(all photos in this section of the post mine)




(Image sources here, here and here)

Given my day job, this is bound to seem counterintuitive: You’d think that I thrive on controversy, but actually, the entire opposite is true.  I’m happy to argue points of law — or law-related points of fact — until the sun goes down, but that is not my definition of a quarrel; and once I’m back home, arguments are the last thing I want in my life. 

Contrasting, opposite legal argument is, of course, necessary in order to get to the bottom of a case, and it’s in the nature of representing a client’s interests (and yes, I am a litigator).  However, 90%+ of legal argument is ad rem; it’s basically a contest of wits and almost invariably within the top three (or four) tiers of what is known as Graham’s hierarchy of disagreement  — I have no issue with that (if I did, I’d be in the wrong job indeed).

Even in my day job, however, I have no use for people who confuse “argument” with “quarrel”, and who will take to just about any tactic, from ad hominem attacks to shouting matches, whataboutism and whatever else to make their point.  The good news is that the overwhelming majority of judges are allergic to that kind of behavior, so it hardly gets those who exhibit it anywhere but into the losers’ corner, but it’s still profoundly unpleasant to have to deal with.

In my personal life, though, peace and quite is very much a priority, and I have little to no use for argument at all … which, yes, may in part be so as to balance having to argue all the time as part of my job, but bottom line, I hated quarrels even as a kid and would rather avoid the company of someone with whom I felt I had a bone to pick than letting my anger blow up openly.  It makes complete sense to me that the word “quarrel” derives from the medieval term for a crossbow arrow (see entry below): psychologically, I do very much associate “quarrel” with “injury”, and I’d much rather walk away than injure another person — or invite them to injure me.  And even though I know (well, in theory) that at least some issues had really better be hashed out than being allowed to fester, and sometimes it actually is preferential to speak up in order to clear the air, at times I still clam up even now — and of course more often that not, it backfires badly; but at this point I suspect I may never learn to find the right balance until my dying day (the old introvert thing probably has something to do with that, too).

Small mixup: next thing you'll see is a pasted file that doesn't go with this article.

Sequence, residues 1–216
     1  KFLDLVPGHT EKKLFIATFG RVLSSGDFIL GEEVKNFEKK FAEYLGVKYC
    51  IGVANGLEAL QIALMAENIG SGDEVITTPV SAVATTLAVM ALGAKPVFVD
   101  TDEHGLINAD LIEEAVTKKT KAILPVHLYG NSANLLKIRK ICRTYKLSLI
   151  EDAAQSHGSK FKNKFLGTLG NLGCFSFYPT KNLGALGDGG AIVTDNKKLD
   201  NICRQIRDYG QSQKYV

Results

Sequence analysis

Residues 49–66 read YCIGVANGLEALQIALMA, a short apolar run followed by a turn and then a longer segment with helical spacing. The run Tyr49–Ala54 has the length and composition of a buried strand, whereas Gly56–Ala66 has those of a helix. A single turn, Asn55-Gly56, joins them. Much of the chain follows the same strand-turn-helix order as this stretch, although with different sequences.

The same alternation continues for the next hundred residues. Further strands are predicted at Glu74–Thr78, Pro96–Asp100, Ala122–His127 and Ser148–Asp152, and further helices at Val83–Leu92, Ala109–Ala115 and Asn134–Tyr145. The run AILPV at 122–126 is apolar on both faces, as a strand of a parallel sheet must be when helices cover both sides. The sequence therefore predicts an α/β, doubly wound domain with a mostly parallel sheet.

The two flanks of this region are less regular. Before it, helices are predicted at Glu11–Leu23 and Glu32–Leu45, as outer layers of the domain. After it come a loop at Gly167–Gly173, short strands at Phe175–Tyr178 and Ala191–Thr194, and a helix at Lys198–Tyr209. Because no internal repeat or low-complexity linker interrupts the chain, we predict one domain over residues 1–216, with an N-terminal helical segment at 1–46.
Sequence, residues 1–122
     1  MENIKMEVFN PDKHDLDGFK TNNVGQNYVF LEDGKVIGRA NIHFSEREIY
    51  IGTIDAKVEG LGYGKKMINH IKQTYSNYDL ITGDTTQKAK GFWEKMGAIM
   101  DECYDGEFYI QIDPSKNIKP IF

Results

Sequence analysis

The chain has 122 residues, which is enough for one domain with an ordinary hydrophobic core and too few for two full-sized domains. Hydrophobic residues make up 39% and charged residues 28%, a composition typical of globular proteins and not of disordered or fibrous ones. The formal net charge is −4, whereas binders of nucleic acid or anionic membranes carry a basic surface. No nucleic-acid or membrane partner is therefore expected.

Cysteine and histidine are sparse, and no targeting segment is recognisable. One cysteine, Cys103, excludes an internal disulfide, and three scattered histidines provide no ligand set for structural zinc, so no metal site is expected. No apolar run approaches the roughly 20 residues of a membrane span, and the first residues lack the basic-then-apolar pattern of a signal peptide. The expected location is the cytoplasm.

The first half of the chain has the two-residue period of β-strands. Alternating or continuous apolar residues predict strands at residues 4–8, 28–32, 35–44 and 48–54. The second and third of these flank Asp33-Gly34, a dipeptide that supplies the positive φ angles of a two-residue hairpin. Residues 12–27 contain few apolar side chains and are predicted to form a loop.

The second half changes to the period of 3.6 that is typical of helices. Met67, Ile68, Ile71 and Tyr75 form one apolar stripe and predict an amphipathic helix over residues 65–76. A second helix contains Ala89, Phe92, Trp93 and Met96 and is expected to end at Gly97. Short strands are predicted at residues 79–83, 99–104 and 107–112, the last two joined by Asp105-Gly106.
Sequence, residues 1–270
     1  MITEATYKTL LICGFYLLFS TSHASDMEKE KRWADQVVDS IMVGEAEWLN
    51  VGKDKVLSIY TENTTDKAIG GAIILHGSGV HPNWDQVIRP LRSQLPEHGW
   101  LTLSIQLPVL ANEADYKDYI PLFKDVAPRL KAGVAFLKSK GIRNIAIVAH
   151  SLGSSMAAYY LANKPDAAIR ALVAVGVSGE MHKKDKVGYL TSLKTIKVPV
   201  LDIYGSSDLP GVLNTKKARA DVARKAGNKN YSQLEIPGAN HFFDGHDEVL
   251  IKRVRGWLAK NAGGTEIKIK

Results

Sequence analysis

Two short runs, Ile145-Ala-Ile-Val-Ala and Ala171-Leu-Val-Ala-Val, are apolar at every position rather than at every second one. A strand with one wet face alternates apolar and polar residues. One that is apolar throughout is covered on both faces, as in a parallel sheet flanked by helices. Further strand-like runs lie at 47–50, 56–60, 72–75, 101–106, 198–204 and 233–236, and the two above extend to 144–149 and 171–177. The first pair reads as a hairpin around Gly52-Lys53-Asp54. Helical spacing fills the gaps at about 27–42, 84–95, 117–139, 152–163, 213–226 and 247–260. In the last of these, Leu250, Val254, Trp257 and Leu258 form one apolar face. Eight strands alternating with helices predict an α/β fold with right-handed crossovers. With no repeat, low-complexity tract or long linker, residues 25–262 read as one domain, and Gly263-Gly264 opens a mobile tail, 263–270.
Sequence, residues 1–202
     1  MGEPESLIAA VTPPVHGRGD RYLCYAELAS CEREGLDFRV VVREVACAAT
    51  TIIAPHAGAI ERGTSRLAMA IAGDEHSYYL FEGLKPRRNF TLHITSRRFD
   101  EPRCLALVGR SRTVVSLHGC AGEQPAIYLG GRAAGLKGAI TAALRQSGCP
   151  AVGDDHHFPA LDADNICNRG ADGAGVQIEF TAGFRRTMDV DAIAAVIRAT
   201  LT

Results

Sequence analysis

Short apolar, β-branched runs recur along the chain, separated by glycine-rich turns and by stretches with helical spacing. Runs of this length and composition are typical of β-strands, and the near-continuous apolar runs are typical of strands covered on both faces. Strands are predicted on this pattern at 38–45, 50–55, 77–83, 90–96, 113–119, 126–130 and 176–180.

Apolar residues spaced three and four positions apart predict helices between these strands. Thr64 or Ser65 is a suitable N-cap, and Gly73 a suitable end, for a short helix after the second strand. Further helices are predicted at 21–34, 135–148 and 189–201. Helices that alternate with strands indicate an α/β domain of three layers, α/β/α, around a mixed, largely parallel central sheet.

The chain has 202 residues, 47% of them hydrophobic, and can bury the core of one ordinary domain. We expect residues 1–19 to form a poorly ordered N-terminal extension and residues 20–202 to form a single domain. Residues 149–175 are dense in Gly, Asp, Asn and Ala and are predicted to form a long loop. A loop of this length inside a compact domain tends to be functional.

For the same reason, although I have accounts at quite a number of social media sites, most of them are nothing more than backup options to me.  I don’t trust Facebook’s “privacy” protection (the mere use of the word privacy is more than a minor joke in that context), and most social media sites are so prone to hostility, bickering, name-calling and downright bandwagons that wild horses couldn’t make me join the fray of the general discussion there — AND hand over control with whom I can communicate (and how) to a site administrator.  Give me my self-administered blog every day of the week and then some instead …


Graham’s Hierarchy of Disagreement
(Image source)

(Image sources here, here and here)


2 thoughts on “An Alphabet of My Likes and Dislikes: “Q”

  1. I’m not an accessories kind of guy so I shall pass on commenting on your like! As for your dislike, I’m with you here; and I’m thankful for your inclusion of Graham’s Hierarchy pyramid, though shocked at how suddenly the fault line between discourse and the road to abuse occurs. Thankfully 99% of blogging responses to posts fall on the right side of that slippery slope, for which I’m eternally grateful!

    1. Yes, that‘s my experience with the blogging community (as opposed to Twitter especially), too — fingers crossed. Maybe because bloggers are, by nature, for the most part people who thrive on pieces that consist of more than a paragraph (or a mere 280 characters at a time) and call for more than a kneejerk reaction in response? Also, maybe because we all take a certain amount of pride in our blogs … and are at least aware of the option to manage comments / responses, however cautious or radical our individual approach to that option may be in practice?